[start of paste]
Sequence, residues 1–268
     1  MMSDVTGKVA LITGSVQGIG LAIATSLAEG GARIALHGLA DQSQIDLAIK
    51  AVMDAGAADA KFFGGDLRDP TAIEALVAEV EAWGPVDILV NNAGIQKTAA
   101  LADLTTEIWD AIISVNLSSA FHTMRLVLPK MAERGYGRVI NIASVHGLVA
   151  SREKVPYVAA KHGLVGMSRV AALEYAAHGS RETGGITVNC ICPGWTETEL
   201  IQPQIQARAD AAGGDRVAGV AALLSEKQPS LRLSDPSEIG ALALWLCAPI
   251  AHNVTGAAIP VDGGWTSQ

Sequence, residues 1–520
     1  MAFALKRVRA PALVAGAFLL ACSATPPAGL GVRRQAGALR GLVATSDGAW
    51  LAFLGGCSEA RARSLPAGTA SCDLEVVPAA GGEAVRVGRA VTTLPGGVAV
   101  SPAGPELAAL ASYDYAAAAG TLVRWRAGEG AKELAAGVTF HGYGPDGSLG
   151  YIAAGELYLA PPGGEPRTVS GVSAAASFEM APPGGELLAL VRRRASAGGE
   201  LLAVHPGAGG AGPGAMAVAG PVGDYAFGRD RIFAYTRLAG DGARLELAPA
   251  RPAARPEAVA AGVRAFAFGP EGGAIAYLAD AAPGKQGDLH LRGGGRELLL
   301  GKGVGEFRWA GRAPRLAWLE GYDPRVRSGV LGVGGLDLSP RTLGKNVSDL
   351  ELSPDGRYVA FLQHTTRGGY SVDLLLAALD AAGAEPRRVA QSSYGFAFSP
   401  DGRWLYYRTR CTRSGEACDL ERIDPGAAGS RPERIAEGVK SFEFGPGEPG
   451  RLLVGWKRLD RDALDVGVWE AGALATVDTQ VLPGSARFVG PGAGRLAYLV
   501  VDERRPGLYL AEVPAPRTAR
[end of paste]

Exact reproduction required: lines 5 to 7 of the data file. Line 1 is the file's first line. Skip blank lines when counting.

   151  SREKVPYVAA KHGLVGMSRV AALEYAAHGS RETGGITVNC ICPGWTETEL
   201  IQPQIQARAD AAGGDRVAGV AALLSEKQPS LRLSDPSEIG ALALWLCAPI
   251  AHNVTGAAIP VDGGWTSQ